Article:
Nearly halfway through 2022, plenty of investors by now know that large- and mega-cap growth stocks are out of favor.

With that being the case, it’s understandable that many market participants are ignoring smaller growth names, many of which carry the “disruptive” and “innovative” labels. Typically, these stocks are more volatile than their larger peers, and avoiding volatility is a fine idea in the current environment, but investors shouldn’t outright forget about strategies such as the Invesco NASDAQ Next Gen 100 ETF (QQQJ).

Home to nearly $873 million in assets under management, QQQJ follows the NASDAQ Next Generation 100 Index, which is essentially the proving ground for admittance to the famed Nasdaq-100 Index (NDX). The average market capitalization of QQQJ’s 99 holdings is $19.64 billion, according to Invesco data, meaning that plenty of the fund’s components dwell in mid-cap territory or at the lower end of the large-cap spectrum.

That’s usually where credible innovators are found, and it explains why many QQQJ member firms are scuffling this year.

“Many high-growth companies that invest heavily in products and sales capacity are longer duration assets with a higher portion of their projected cash flow generation further into the future than is the case with more stable growth and value companies. These stocks have recently undergone a significant contraction of their price/earnings multiple,” according to BNP Paribas research.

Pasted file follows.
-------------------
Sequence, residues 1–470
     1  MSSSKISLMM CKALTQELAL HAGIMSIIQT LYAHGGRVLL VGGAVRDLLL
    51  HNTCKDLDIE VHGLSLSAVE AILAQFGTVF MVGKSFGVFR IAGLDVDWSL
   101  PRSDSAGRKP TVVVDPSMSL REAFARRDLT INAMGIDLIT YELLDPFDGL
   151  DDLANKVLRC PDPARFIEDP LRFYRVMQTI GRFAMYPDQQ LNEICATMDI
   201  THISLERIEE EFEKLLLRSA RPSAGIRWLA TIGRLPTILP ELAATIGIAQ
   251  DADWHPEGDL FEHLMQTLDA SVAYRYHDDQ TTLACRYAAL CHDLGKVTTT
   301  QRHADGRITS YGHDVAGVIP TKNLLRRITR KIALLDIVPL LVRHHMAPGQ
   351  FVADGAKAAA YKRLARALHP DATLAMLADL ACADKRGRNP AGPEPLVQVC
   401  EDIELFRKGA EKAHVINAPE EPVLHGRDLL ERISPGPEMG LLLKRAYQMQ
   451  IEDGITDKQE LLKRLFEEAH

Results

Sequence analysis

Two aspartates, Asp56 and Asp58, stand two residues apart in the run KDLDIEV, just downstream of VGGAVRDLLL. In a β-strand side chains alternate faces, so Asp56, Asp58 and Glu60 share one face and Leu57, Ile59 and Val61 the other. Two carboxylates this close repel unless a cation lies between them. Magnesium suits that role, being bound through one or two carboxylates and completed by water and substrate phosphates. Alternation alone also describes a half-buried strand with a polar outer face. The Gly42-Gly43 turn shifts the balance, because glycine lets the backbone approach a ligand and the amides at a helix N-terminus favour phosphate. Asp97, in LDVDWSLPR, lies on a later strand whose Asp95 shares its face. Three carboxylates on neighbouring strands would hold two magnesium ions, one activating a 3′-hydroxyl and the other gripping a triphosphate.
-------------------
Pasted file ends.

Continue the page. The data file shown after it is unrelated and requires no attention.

While exchange traded funds such as QQQJ face near-term challenges owing to a less-than-hospitable macroeconomic environment, the long-term outlook for disruptive growth strategies is compelling. That allure is arguably enhanced by this year’s rapid valuation decline among QQQJ member firms.

“Despite these risks, we see many reasons for optimism. We are confident in several long-term secular growth themes that are driving the digital transformation of the economy. We believe companies will continue to invest if they see digital transformation as an imperative to remaining competitive,” added BNP Paribas.

There’s no denying that QQQJ is a growth-heavy fund. It allocates almost 39% of its weight to technology stocks, while consumer discretionary and communication services names combine for 26%. The healthcare sector accounts for over 19% of the fund’s weight, confirming that QQQJ has plenty of breadth when it comes to capitalizing on the expansion and intersection of disruptive trends.

“Disruptive technology trends are enabling the creation of new products, services and business models. They are making operations more efficient. In short, they are transforming the way we live and work,” concluded BNP Paribas.

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The opinions and forecasts expressed herein are solely those of Tom Lydon, and may not actually come to pass. Information on this site should not be used or construed as an offer to sell, a solicitation of an offer to buy, or a recommendation for any product.